During the busy spring and fall seasons, Hawley or one of her two multilingual assis­tants will sit down with representatives of roughly 250 expeditions. Through her large network of contacts at outfitters, hotels, and Nepal's permit-issuing Ministry of Tourism, she stays informed about who's coming through town and when.

“I make sure I know what flight they're arriving on,” she says. “If it's the Thai flight, which gets in at noon, then at 1:45 I'm on the telephone to their hotel to get an appointment for the next day.”

Veteran climbers know what to expect, but for many her promptness can be startling. “You go to your hotel, and as you're checking in the phone is ringing and the man behind the desk says, 'Hawley would like to talk to you,'” says Ed Viesturs, the first American to summit all 14 of the world's 8,000-meter peaks. “You're barely putting your bags down.”

She conducts her grillings in hotel gardens or lobbies, a bird-size lady among brawny young men and women. Depending on their level of familiarity, they'll address her as Miss Hawley, Elizabeth, or, after maybe two decades, Liz. Viesturs calls her Liz, but he also makes sure to arrive clean-shaven and spiffed up.

Pen and notebook in hand, Hawley asks for photos and contacts and drawings of their routes. All members of the expedition, including Sherpas, are accounted for. On trips of three dozen or more members, Hawley privately assigns each person a number to make keeping track of them easier.

Her detailed “On Arrival” and “On Return” forms are the core of her method. They nail down every possibly relevant particular, from who fixed how many meters of rope to the exact elevation and chronology of every camp. Looking at the forms she uses, which are spread out between us on a side table, it's not always clear what kind of answer she's looking for. This, apparently, is intentional. I point at a question on one of the forms, which reads, “Members at end?”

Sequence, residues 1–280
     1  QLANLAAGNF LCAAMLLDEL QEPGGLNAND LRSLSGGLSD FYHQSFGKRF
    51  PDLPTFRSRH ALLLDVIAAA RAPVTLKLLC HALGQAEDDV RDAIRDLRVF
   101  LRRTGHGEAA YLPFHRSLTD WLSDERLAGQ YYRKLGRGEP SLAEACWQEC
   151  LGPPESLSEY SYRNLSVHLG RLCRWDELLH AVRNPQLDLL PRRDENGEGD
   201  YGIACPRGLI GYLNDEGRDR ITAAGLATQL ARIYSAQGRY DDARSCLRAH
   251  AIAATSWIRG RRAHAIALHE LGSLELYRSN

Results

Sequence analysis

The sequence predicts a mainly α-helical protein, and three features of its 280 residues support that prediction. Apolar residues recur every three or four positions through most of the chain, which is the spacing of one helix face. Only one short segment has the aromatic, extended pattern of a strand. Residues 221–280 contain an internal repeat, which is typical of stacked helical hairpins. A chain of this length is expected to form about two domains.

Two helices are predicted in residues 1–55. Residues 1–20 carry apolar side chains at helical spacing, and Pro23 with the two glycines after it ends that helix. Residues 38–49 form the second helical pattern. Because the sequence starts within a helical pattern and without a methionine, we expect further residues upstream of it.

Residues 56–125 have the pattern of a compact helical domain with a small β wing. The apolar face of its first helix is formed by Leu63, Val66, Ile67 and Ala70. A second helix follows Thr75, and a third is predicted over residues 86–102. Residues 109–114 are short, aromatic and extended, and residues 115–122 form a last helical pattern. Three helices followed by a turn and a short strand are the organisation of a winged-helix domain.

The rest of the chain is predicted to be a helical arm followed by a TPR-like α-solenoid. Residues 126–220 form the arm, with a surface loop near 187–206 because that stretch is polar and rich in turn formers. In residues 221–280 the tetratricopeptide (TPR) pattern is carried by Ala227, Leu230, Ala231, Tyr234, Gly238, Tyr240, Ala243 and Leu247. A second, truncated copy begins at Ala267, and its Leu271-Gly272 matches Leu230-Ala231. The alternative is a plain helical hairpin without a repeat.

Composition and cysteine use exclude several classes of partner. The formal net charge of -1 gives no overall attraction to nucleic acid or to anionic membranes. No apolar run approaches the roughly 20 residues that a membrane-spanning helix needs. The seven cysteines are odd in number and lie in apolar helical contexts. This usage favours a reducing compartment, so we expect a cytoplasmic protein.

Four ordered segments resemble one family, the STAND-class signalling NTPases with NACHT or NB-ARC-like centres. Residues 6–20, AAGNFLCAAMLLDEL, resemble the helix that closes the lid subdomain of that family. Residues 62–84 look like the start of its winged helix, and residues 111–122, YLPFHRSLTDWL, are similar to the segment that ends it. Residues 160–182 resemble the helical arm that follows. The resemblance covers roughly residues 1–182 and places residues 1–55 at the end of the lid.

“What does that mean?” I ask.

“How many people came back, how many left early, how many died,” she says. “That question produces an answer you wouldn't get otherwise.”

Pawing through the paperwork while Hawley regales me with stories, I get occasional shivers. She describes the route the French took up Annapurna in 1950 as if the 26,545-foot mountain were rising right outside her window. Telling the story of Messner and Peter Habeler's frigid bivouac on the first ascent of Everest, without oxygen, in 1978, she imagines the cold they suffered and beats her hands on her legs to stimulate blood flow.

When the conversation turns to the present, it's evident that she's not impressed by the shenanigans, ill-advised firsts, and catastrophes that have marred the modern Hima­layan climbing era. Still, she's quick to point out that there remain plenty of worthwhile objectives to be accomplished, even on the big hill itself. “Everybody says there's no more unclimbed routes on Everest,” she says. “I say, You go look at the east face, especially the East Ridge.” She waves her hand toward the file cabinets, as if shooing a climber on.

The ultimate feat, she believes, is a multi-day traverse she calls the Horseshoe. The climber would start by ascending the scalloped face of 25,790-foot Nuptse, then traverse a razor ridge on 27,940-foot Lhotse, climb 29,035-foot Everest via the Southeast Ridge, and descend the West Ridge. Hawley thinks it could be done sometime soon—or possibly “never.”

Later, when I mention the Horseshoe concept to American climber Dave Hahn, who has summited Everest 12 times, he chuckles. “It's not calling out to me,” he says. “It would be insanely difficult.”

BORN IN 1923 and raised in a conservative suburb of New York City, Hawley seemed poised for a conventional life in the metropolis. After earning a master's degree in history from the University of Michigan, she landed a position as a researcher at Fortune magazine in 1946. Her curiosity about other cultures left her restless in Manhattan. Living spartanly, she saved enough to travel to England in 1948. This kicked off eight years of vacations to ever-bolder destinations—Western Europe, Eastern Europe, North Africa, the Middle East.